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Experimental vaccine may reduce post-stroke blood clot risk

A vaccine may one day be able to replace oral blood thinners to reduce the risk of secondary strokes caused by blood clots, without increasing the risk of serious bleeding or triggering an autoimmune response. People who have had a stroke caused by a blood clot (ischemic strokes) often need to take medications that make…

How sleeping mammary stem cells are awakened in puberty

Walter and Eliza Hall Institute researchers have discovered how the growth of milk-producing mammary glands is triggered during puberty. Sleeping stem cells in the mammary gland are awoken by a protein dubbed FoxP1. The research expands our knowledge of how the mammary gland — a component of the human breast — develops from stem cells,…

Astronomers witness slow death of nearby galaxy

Astronomers from The Australian National University (ANU) and CSIRO have witnessed, in the finest detail ever, the slow death of a neighbouring dwarf galaxy, which is gradually losing its power to form stars. The new peer-reviewed study of the Small Magellanic Cloud (SMC), which is a tiny fraction of the size and mass of the…

Sweet discovery pushes back the origins of chocolate

As Halloween revelers prepare to feast on chocolate, a new study from an international team of researchers, including the University of British Columbia, is pushing back the origins of the delicious sweet treat. The study, suggests that cacao — the plant from which chocolate is made — was domesticated, or grown by people for food,…

Tampering with cellular fats holds great promise

Much of the biology underlying cells’ compositions of lipids is a black box to scientists. Even though lipids are a major group of biomolecules, they are difficult to study because their synthesis is regulated by complicated metabolism. Now have found a way to engineer the fatty membranes of cells. The researchers boosted the cells’ ability…

Birds startled by moving sticks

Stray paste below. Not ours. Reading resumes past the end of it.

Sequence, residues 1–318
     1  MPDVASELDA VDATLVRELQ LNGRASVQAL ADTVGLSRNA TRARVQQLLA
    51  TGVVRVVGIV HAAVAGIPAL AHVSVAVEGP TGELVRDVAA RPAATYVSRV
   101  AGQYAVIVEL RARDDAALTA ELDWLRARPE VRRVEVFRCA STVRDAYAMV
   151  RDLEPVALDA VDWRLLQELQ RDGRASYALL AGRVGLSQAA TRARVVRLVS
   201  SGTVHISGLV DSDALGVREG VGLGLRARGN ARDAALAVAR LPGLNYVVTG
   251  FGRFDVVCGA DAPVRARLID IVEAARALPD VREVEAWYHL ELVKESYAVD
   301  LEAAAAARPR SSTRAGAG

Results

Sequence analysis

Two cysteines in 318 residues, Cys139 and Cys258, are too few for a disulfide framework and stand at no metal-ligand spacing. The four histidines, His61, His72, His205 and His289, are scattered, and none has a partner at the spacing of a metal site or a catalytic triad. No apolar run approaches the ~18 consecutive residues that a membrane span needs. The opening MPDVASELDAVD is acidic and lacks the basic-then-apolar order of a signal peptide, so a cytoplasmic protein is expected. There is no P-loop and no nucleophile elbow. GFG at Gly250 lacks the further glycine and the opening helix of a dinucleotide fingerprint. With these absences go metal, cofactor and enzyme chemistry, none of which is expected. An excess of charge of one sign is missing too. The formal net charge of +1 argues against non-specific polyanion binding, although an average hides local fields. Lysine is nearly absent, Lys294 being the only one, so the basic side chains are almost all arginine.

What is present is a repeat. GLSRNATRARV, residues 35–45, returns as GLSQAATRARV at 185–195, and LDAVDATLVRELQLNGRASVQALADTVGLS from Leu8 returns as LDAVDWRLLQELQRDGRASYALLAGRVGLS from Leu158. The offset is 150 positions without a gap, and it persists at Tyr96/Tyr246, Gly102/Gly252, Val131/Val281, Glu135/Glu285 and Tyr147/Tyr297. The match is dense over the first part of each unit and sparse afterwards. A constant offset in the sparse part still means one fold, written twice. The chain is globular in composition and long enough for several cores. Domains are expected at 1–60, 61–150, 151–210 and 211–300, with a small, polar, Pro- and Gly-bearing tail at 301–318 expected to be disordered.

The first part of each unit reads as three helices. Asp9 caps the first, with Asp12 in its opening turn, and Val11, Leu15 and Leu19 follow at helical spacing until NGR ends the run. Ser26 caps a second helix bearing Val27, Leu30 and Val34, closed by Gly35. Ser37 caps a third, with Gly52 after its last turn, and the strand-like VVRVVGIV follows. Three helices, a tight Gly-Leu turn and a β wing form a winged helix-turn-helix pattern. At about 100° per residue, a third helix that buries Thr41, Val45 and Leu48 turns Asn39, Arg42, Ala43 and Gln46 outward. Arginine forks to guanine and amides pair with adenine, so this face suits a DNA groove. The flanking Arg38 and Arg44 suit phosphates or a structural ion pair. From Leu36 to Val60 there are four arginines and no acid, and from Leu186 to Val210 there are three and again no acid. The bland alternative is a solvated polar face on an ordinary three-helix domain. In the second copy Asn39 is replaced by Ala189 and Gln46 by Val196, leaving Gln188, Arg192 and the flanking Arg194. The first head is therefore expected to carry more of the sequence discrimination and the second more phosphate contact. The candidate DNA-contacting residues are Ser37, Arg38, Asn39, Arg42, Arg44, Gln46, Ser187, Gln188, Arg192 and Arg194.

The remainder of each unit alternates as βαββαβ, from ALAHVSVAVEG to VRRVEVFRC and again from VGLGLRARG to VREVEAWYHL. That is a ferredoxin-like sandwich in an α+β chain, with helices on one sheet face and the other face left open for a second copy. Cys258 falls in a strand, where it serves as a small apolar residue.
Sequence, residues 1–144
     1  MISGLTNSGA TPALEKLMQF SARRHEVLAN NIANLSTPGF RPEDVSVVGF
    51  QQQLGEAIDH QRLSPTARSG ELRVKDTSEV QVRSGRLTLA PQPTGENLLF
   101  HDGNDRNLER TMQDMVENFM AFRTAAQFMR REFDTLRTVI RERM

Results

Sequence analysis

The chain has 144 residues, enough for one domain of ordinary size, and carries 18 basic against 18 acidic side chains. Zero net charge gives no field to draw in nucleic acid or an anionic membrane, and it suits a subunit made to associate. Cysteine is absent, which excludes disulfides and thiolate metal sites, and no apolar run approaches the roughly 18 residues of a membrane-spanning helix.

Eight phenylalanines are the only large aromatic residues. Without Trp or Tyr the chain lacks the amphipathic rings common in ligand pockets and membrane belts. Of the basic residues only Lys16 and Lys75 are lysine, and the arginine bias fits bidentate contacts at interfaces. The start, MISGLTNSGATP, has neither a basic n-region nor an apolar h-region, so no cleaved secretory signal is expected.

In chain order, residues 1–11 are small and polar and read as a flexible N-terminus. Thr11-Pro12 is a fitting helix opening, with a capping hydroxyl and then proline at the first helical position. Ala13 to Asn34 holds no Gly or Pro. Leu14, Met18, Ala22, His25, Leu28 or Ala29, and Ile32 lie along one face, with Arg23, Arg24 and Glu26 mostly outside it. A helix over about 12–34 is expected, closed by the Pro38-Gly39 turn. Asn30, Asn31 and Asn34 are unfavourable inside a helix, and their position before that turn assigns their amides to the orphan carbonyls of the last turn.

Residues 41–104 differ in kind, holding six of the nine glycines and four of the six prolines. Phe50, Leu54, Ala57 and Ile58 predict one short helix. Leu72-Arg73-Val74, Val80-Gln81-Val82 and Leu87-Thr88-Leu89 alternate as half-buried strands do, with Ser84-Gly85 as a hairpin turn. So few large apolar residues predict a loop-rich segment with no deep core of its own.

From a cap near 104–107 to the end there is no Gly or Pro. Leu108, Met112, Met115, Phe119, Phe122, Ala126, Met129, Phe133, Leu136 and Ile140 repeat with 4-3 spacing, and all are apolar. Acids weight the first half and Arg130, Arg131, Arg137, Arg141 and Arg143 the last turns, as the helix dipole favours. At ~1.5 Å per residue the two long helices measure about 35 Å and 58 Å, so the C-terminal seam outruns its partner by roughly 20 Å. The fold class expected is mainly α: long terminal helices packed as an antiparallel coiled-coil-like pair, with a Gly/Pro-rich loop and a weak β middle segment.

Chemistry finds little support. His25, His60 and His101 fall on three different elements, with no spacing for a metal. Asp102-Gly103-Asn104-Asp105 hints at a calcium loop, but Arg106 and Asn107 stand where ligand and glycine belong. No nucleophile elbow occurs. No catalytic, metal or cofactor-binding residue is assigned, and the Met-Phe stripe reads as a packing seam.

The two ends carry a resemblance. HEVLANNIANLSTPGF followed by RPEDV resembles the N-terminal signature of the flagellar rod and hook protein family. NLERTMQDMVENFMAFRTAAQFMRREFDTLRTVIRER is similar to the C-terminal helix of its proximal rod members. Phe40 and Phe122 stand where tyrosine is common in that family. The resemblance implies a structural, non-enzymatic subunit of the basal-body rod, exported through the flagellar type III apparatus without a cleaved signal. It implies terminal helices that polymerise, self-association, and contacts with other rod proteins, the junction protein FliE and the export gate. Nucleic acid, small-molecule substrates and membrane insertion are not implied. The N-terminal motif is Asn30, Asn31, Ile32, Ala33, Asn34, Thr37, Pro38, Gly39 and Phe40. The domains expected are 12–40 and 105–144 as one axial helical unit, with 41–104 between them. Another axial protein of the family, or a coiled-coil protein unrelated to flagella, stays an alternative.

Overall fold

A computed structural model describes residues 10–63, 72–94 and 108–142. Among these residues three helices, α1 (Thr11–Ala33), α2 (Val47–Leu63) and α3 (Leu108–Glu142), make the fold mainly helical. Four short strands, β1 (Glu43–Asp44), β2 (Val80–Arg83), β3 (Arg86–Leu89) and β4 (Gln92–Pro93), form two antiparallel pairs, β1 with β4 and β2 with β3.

Do animals — like humans — divide the world into things that move and things that don’t? Are they surprised if an apparently inanimate object jumps to life? The researchers tested how jackdaws responded to moving birds, moving snakes and moving sticks — and found they were most cautious of the moving sticks. The study,…

The ghost of Cassiopeia

About 550 light-years away in the constellation of Cassiopeia lies IC 63, a stunning and slightly eerie nebula. Also known as the ghost of Cassiopeia, IC 63 is being shaped by radiation from a nearby unpredictably variable star, Gamma Cassiopeiae, which is slowly eroding away the ghostly cloud of dust and gas. This celestial ghost…

‘Gut-on-a-chip’ system shows intestinal barrier disruption is the onset initiator of gut inflammation

The first study investigating the mechanism of how a disease develops using human organ-on-a-chip technology has been successfully completed by engineers at The University of Texas at Austin. Researchers from the Cockrell School of Engineering were able to shed light on a part of the human body — the digestive system — where many questions…

Vast leukemia dataset could help researchers match therapies to patients

After years of work, researchers are releasing a massive dataset detailing the molecular makeup of tumor cells from more than 500 patients with an aggressive blood cancer called acute myeloid leukemia (AML). The dataset includes how hundreds of individual patients’ cells responded to a broad panel of drugs in laboratory screens. Using a new online…

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